3. Hi, found this blog via a link on Bio Break. I agree very much with this assessment. Rift was *almost* the game that reunited my old WoW circle of friends. We played for about 2 months very happily together, that’s longer than we lasted in SWTOR! As has been stated already Rift is a really great game, it has polish galore and innovated in very small ways with the UI (AoE looting!). It was a pleasure to play. But there is something missing. I think the lore being too subtle is a problem, not enough detail as well – I missed the point that the races had more lore to find beyond the starter zone racial quests completely because there were no hints that you’d find more in later zones. For me though the biggest issue was the mistake over the focus of the game. They could have eschewed the instanced raid/pvp endgame and really stuck to their guns on the open world dynamic content. Maybe gradually increasing the threat of invasion as you leveled through the zones, so that the bases in the earlier zones were much quicker to recover from defeat than those later on? Our love for the game diminished because the zerg of players had moved on to the cap and into the raids – the world emptied, the rifts and invasions slowed to a trickle and it was no longer the same game..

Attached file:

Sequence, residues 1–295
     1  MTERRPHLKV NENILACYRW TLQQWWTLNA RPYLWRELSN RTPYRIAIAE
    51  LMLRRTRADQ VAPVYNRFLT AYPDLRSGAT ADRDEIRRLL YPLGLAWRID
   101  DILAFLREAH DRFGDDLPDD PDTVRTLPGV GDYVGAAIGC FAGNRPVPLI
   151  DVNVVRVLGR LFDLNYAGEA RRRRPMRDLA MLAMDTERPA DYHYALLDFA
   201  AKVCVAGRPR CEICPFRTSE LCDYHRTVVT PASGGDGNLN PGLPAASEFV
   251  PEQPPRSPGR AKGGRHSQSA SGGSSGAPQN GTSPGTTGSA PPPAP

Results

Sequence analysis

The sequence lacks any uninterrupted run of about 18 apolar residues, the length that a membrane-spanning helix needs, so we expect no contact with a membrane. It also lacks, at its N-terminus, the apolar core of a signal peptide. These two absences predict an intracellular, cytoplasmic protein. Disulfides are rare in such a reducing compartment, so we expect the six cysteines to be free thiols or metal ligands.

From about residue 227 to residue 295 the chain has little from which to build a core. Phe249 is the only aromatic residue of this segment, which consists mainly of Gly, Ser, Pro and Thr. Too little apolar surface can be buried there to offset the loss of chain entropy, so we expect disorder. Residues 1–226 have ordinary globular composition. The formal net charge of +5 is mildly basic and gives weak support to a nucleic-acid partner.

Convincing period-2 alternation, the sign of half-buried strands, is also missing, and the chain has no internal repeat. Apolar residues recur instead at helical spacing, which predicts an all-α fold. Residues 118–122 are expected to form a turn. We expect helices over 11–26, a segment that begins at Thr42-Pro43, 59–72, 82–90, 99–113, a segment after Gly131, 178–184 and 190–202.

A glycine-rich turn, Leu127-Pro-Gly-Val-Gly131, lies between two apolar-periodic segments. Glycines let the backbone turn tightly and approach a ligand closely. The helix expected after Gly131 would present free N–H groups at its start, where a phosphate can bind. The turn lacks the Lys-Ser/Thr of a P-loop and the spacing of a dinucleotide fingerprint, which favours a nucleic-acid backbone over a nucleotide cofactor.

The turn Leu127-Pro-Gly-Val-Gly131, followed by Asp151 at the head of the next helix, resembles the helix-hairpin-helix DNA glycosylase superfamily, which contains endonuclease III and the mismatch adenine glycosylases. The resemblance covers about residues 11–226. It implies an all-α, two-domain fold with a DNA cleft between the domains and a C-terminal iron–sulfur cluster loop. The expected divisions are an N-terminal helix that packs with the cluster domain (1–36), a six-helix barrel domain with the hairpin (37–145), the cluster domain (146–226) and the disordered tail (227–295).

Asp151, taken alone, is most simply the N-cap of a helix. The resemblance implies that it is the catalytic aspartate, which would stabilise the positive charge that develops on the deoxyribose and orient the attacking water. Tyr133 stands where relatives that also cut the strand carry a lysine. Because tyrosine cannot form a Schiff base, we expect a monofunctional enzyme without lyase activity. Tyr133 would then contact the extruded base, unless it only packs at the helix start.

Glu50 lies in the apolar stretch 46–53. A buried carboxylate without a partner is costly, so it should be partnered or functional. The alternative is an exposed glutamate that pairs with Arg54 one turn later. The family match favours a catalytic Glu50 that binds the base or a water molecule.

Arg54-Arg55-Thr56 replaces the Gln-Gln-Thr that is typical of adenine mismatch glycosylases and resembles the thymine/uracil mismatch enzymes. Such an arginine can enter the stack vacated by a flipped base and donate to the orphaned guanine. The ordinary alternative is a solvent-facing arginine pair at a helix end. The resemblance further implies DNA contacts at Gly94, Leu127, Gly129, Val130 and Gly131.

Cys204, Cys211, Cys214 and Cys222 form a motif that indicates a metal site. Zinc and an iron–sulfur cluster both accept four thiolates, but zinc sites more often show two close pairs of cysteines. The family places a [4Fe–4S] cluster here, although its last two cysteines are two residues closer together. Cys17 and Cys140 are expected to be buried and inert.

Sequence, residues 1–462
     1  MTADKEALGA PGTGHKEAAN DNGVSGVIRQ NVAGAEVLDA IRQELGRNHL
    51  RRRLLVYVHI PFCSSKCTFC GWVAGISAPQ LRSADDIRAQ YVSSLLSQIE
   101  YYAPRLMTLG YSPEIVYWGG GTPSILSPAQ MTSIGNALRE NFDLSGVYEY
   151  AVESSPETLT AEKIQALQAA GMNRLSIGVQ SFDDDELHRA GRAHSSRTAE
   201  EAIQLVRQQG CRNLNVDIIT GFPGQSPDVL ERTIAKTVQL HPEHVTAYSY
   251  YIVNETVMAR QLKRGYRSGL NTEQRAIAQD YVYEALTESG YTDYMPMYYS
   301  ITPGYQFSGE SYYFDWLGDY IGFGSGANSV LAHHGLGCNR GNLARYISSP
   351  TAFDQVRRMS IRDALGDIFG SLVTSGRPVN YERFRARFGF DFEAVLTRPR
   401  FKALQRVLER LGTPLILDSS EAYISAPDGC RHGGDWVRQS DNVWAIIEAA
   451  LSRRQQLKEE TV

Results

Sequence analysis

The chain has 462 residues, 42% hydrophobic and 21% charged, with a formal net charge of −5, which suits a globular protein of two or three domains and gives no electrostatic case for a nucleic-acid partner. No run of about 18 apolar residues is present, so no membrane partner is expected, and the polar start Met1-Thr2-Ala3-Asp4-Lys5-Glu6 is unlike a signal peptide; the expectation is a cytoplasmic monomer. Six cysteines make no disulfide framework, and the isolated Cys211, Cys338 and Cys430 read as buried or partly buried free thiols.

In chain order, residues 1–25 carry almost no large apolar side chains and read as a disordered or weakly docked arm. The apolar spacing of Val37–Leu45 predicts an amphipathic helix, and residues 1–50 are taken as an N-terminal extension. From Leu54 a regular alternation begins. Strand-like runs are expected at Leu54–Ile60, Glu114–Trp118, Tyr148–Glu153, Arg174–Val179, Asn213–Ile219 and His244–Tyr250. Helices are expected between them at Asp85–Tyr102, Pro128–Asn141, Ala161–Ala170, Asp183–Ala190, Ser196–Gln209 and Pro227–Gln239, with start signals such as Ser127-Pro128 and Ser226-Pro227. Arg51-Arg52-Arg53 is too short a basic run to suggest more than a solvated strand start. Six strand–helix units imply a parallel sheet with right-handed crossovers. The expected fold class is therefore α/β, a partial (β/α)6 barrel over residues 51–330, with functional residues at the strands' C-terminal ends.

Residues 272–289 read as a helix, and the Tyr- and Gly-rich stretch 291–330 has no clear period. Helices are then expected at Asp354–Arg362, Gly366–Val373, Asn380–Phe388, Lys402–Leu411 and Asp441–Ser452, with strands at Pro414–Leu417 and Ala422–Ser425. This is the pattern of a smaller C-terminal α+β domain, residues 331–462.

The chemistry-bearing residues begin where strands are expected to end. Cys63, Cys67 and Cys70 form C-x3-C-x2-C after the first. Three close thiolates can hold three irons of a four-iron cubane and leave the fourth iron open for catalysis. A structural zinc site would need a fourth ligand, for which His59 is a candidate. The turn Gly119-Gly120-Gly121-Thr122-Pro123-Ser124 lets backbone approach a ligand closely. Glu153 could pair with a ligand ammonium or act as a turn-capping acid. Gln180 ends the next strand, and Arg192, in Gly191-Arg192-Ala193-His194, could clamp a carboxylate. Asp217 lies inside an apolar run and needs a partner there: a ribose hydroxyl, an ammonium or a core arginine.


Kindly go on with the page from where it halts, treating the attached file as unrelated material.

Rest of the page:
4. #5 is what really bothered me about Rift. It made the game feel generic. I am coming from WAR though, where each career has a healthy amount of ‘character’. It just felt so generic :/